It’s high summer. The time of first fruits from the garden, long sunny days, kayaks on the water, cool starry nights, village fêtes, music rising from parties all along the river…
When we planted the first row several years ago, I didn’t fully realize that lavender is much more than a flower. We knew of the medicinal properties against insect stings, and also hoped to deter some mosquitoes. But now, several plantings later, the spectacle of evening lavender has become central to the setting of high summer.
Just before sunset is best. I sit on a broken old straw chair, slide my feet amidst the roots and draw a handful of stalks to my face. The perfume is intoxicating. Pungent, sweet and powerful, all in one draught. Intoxicating for its richness. It is our richness, this wealth, this luxury of simply being enveloped in – so much lavender!
Evening is the time when the mass of swaying purple flowers vibrate with the work of hundreds of fuzzy, darting, focused insects. The pollinators are out en masse, collecting their last booty of the day. I watch diligent workers packing up cargo, swooping in and out, never crashing into their neighbors, humming their tune “plenty for everyone…”
There are of course, the seemingly professional honeybees that we think come from a neighbor’s hive, ever precise and efficient. Then come the colorful, wide-winged rainbow colored Hummingbird sphinx (Macro glossum) with long beaks and a mesmerizing prowess at hovering. There are the varied, indigenous pollinators that live in stray stacks of wood or in the earth.
But perhaps our favorite are the chubby, black striped Bumble Bees, so aptly named, for they do indeed bumble about awkwardly, heavy with pollen, seeming to lose direction as they zigzag drunkenly back to headquarters. One swarm has taken up lodging inside the garage and we laugh as they try to find the path to their own door, always seeming to forget the entrance they built. They are the clowns in the act, not aware of their own precious selves and their preciousness to us.
In an era when pollinators are in such danger, we feel lucky they return, more numerous each year. So every spring we plant another row for the delight of witnessing their numbers multiply. From my evening seat I think, soon we’ll establish our own beehives and maybe they’ll be kind and share some of their honey with us.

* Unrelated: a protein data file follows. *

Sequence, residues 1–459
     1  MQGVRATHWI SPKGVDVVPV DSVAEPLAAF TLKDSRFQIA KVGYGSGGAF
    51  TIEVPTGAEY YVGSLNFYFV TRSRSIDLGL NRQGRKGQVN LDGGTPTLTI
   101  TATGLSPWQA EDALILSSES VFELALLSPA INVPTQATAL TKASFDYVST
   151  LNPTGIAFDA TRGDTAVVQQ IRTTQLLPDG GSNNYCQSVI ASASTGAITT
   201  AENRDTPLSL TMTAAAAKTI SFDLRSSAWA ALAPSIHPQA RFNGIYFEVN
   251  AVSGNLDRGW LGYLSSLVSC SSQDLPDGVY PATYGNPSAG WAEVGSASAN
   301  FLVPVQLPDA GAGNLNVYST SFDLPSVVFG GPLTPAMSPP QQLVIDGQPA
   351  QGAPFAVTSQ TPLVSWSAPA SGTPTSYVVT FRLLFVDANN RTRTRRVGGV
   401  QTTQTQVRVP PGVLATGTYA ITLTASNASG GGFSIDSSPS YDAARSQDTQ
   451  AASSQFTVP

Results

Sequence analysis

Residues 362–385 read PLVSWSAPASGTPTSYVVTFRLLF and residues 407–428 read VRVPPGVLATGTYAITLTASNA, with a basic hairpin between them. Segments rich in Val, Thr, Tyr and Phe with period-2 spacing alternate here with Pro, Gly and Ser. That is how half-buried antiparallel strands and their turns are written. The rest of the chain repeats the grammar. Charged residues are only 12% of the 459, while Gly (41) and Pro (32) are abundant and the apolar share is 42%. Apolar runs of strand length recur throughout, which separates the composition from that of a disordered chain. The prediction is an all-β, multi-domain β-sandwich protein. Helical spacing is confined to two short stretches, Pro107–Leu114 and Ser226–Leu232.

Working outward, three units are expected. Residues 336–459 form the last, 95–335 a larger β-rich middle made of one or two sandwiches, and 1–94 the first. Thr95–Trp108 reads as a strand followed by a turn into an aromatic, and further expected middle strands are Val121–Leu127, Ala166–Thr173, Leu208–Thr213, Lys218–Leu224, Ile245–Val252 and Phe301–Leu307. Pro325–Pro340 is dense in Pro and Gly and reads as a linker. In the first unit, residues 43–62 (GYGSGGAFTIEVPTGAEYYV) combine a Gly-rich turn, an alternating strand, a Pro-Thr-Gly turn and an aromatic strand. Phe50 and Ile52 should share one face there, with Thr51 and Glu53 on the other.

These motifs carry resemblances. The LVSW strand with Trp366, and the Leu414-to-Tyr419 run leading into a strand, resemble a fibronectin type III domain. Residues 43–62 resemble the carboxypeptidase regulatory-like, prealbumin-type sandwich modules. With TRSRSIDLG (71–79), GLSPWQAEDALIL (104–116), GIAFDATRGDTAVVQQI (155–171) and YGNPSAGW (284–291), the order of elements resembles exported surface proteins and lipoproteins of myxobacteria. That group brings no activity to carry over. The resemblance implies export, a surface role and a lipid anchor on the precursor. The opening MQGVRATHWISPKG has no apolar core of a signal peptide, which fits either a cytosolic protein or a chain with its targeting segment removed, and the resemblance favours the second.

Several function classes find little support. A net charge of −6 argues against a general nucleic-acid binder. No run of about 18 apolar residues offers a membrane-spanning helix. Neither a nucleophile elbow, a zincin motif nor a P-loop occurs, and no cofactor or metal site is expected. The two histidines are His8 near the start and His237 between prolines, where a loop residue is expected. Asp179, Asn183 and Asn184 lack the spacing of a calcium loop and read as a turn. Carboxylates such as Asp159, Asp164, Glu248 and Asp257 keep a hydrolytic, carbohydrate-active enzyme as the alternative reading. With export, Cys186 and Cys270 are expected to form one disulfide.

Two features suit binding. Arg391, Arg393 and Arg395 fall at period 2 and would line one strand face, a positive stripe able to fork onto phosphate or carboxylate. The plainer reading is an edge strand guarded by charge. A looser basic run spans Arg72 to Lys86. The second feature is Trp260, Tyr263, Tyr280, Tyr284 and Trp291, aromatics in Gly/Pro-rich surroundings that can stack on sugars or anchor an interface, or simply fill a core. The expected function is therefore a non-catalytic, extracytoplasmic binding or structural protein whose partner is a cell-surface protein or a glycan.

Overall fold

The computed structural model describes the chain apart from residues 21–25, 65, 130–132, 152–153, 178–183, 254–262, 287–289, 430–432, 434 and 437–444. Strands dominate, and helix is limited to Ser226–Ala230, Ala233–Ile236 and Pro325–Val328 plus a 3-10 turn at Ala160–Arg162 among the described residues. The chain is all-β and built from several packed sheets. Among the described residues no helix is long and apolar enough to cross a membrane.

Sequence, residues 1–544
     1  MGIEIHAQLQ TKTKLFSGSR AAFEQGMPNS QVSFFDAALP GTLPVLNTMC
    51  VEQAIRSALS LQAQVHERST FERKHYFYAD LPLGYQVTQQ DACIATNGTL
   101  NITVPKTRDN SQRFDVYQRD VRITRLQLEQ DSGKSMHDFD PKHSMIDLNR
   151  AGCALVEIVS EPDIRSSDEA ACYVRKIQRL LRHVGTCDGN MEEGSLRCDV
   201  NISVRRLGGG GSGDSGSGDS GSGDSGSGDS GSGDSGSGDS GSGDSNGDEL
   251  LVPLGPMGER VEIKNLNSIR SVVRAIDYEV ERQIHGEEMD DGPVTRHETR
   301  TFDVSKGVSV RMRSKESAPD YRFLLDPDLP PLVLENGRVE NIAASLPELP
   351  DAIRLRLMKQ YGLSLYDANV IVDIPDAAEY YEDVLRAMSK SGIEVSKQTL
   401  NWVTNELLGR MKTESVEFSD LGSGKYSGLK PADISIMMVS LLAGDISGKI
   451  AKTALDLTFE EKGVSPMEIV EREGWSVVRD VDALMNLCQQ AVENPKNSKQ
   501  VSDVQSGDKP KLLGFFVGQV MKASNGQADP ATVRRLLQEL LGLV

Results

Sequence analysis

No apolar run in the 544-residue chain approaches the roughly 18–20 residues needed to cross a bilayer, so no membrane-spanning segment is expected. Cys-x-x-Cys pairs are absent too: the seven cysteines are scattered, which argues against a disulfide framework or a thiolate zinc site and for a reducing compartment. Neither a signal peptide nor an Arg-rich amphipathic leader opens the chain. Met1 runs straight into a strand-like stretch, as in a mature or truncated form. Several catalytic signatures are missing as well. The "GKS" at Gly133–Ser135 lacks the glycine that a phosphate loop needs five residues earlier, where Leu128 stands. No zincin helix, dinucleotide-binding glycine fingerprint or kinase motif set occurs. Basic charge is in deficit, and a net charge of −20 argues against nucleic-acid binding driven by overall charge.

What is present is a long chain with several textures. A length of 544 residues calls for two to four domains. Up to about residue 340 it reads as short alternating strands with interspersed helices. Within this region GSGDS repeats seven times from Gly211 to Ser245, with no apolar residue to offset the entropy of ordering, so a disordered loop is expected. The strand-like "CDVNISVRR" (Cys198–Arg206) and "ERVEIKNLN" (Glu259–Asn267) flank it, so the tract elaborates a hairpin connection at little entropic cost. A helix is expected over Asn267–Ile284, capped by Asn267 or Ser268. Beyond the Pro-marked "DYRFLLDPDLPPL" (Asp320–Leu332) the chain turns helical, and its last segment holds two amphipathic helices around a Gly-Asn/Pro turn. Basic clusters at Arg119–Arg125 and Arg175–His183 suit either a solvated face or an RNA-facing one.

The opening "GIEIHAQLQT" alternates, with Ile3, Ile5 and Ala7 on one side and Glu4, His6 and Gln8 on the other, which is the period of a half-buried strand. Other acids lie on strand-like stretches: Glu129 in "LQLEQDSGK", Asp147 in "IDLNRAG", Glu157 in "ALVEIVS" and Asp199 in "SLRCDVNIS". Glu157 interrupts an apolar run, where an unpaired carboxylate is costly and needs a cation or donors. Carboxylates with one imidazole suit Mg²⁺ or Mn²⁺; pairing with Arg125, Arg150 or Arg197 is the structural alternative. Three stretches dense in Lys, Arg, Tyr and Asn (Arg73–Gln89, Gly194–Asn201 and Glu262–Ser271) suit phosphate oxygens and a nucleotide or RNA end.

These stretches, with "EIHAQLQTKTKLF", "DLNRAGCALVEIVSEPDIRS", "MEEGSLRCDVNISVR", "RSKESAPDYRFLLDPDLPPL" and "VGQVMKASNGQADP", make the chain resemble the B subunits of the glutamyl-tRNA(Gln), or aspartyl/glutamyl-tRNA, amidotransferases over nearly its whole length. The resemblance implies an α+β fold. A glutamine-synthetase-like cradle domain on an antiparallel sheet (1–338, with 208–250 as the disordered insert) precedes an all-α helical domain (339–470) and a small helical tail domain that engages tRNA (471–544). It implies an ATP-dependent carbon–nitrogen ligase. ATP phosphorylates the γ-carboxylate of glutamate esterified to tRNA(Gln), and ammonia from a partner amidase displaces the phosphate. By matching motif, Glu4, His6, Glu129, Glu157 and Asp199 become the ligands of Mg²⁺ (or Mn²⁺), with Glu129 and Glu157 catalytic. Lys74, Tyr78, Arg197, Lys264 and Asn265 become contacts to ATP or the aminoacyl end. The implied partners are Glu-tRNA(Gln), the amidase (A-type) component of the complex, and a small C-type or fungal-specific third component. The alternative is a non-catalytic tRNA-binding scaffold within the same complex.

And with that thought – yet another plan for the future – I halt.
While I was simply watching the bees, time stood still. There was nothing but the lengthened evening shadows, the iridescence of the last rays of sun on the waving sheaves of purple, the undulating flight paths, and the soft, high, delectable buzz of the bees’ wings.
But as soon as that never ending to-do list rears its head, something evaporates. The intrusive future shuts down the now. Already I’m pondering when and how I’ll prune to best encourage next year’s growth. I imagine drying the flowers for uses in the cupboard. And with no ado, I’ve been highjacked to premature scenes of end of summer: the departure of the swallows, departure of friends, goodbye to alfresco dinners with bottles of frosty Rosé, goodbye to summer vegetables picked that morning and stirred up that night…
Goodbye to the vision of a hot, still, Summer Solstice era afternoon: there is Henri under the centurion tree, teaching young Emma and Matteo to meditate. Further on under the shade are Julien and Carol stealing a brief rest from the long hours at the Taverne. There is John on a lounge chair, hat over his face, snoring away, oblivious. Dante, comatose in his fur coat fit for mountain winters, is stretched out at his feet. Beyond, there is splashing in the pool, Genevieve and her friends here for her July birthday, a celebration of one more year of life, and best of all – life in a place far from war and sadness.
Already I’m saying goodbye to the time of planting, goodbye to the time of coming to fruition and find my heart pounding at the prospect of the imminent months of Autumn work in the winery.
I shake myself. Try to shake off the tyranny of the intrusive future. Yes, this will all end. But not today.
Words of Eckhart Tolle come to mind: “The Now is the only point that is out of time. The eternal present is the space within which your life unfolds, the only factor that is constant. Life is Now.”
The lavender waving in the evening light is the epitome of being in the Now. How to hold on to it? There is no holding on. It is slipping through my fingers even as I take note of its beauty. Here, and then gone. Here, and then gone.
So I find my place under the old tree where the clan sleeps away the afternoon heat, knitting up their raveled spirit-sleeves in this place and interlude of peace. Lie down on the grass, turn to the swaying purple cloud, close my eyes.
Like the others, give up, give in, doze off to the buzzing of honey bees, and the perfume of a lavender now.
and then something to wake us up…